Growing Pieris (Lily of the Valley bush, Japanese andromeda)

Latin Name Pronunciation: pie-ee'riss 

These broad-leaved evergreen shrubs are decorated all winter with flower buds that open in early spring, covering the plants with long white tassels. The narrowly oval, glossy leaves are arranged in dense rosettes, and their new growth is often tinged with red. Andromedas prefer growing conditions similar to Rhododendrons and Azaleas. They are excellent choices for rock gardens, foundation plantings and woodland edges.

Light: Full sun or partial shade; protect from afternoon sun.

Soil: Moist, well-drained soil; cannot tolerate wet soil.

Watering: The key to getting your new shrub or tree off to a good start is moisture. Water thoroughly after planting, and keep a close eye on the plant over the following week. Then, give it a good soaking once a week during summer, unless rainfall is plentiful (more than 1in per week). Established plants can generally get by on less water, but most grow best if the soil remains evenly moist. Please note that more is not better. When in doubt, don't water.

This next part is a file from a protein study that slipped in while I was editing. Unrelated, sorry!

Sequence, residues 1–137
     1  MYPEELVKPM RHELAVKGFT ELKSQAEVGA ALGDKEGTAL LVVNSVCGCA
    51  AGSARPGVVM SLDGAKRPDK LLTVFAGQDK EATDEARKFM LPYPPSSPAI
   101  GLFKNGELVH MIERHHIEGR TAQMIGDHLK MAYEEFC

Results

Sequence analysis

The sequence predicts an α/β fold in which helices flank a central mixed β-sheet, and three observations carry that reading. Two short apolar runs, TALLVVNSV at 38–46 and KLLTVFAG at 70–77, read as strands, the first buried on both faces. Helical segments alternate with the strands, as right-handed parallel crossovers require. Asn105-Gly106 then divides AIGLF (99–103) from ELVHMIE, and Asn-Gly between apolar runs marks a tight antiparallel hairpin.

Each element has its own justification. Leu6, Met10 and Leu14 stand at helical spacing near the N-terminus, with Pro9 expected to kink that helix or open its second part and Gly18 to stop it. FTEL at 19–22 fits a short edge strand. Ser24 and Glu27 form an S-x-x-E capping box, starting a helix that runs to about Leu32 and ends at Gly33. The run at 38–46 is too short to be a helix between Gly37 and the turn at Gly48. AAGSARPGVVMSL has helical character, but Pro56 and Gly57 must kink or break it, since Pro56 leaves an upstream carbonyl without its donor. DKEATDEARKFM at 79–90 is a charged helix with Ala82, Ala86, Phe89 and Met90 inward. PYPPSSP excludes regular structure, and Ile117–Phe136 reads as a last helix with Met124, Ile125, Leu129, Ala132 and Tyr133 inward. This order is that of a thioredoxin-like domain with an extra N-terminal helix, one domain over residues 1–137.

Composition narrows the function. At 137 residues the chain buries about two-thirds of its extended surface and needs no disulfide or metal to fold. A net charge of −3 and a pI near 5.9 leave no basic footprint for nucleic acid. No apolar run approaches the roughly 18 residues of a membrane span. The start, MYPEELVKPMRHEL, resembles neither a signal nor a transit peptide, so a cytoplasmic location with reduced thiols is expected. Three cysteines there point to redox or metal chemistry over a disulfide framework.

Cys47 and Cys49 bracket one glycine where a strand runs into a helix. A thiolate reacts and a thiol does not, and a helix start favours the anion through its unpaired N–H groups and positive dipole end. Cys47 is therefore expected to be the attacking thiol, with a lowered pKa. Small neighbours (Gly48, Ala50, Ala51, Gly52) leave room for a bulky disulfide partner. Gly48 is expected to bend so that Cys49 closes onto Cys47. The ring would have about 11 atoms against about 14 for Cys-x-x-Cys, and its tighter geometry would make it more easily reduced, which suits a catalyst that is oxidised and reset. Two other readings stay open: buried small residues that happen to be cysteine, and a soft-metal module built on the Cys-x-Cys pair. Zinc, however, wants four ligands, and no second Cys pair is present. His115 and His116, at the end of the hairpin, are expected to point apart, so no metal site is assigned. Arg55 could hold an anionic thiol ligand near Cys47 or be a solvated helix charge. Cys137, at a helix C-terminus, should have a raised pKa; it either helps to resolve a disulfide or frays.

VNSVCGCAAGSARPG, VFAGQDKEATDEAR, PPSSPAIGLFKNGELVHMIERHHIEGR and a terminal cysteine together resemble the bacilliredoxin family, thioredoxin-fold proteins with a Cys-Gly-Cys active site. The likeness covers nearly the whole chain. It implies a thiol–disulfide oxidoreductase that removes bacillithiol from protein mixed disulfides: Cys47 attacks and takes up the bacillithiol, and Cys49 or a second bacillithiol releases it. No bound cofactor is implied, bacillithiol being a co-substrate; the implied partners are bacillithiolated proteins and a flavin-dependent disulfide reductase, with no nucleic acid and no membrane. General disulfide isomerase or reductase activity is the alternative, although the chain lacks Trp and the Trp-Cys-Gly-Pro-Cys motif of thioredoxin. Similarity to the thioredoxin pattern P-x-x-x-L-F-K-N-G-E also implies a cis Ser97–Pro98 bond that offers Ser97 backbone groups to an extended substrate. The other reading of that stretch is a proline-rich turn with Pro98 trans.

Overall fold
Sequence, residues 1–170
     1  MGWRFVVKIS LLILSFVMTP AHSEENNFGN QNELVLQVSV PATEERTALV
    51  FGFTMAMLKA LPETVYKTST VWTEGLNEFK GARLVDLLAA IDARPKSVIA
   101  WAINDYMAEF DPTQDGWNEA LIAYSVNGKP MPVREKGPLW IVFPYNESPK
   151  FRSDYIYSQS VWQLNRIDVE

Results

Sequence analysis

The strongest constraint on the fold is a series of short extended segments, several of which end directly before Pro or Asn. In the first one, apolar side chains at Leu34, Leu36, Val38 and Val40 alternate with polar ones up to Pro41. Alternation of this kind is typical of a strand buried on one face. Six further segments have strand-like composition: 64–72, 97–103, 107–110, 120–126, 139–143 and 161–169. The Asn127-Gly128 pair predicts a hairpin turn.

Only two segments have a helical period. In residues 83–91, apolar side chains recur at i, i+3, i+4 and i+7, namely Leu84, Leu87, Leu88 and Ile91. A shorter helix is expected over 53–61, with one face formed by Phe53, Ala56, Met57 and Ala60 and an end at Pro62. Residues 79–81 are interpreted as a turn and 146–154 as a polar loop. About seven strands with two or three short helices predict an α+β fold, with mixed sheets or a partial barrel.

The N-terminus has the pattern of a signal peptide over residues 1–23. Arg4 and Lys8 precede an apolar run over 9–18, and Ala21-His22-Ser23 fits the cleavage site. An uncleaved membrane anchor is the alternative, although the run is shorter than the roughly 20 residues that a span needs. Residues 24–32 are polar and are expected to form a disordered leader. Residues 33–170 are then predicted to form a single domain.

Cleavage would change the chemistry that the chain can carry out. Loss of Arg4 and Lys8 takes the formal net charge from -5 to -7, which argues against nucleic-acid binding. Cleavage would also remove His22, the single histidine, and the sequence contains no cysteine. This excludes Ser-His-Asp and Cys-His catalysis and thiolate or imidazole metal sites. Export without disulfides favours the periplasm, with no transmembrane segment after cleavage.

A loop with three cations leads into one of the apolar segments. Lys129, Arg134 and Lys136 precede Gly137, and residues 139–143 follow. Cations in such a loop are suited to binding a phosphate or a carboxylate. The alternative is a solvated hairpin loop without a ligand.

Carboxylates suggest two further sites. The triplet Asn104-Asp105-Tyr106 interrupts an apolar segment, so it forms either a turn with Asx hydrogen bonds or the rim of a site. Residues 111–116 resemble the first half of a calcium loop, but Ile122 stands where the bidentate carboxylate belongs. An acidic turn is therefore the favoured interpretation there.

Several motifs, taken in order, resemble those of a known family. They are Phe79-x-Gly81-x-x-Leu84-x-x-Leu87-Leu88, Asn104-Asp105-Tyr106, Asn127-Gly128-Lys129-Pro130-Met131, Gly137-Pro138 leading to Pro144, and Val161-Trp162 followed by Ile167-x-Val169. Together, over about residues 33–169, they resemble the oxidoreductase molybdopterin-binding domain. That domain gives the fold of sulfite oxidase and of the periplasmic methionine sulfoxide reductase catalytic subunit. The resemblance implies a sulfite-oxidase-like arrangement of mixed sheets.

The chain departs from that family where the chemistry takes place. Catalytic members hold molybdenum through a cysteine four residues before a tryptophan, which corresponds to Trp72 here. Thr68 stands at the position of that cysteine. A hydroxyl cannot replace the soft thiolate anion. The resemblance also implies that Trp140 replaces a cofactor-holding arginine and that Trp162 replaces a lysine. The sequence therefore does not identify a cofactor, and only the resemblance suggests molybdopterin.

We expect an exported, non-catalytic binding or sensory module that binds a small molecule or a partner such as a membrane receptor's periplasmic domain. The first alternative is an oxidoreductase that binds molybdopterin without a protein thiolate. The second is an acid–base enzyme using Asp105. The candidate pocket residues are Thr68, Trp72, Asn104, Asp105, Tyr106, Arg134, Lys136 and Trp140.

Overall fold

Fertilizer: We recommend against fertilizing at planting time and during the first growing season in your garden. Plants need time to settle in before being pushed to grow. Most established plants grow best if fertilized with a light hand. Here at the Farm, we fertilize our specimen trees and shrubs just once -- in early spring -- with a light but even coverage of a balanced, granular fertilizer (such 5-10-10, 10-10-10, or an organic fertilizer). If a concentrated, water-soluble fertilizer is used, please follow the manufacturers' recommendations carefully.

Continuing Care: Shelter from wind and afternoon sun, which can encourage their susceptibility to lace bug. Canker, dieback, root rot, and nematodes may be other problems. Many varieties will grow in Zone 4 in protected locations. In cold climates, keep Andromedas well watered (but don't drown them) until the ground freezes in late fall to prevent desiccation in winter. Prune to shape after flowering, and remove dead and damaged branches in midspring.

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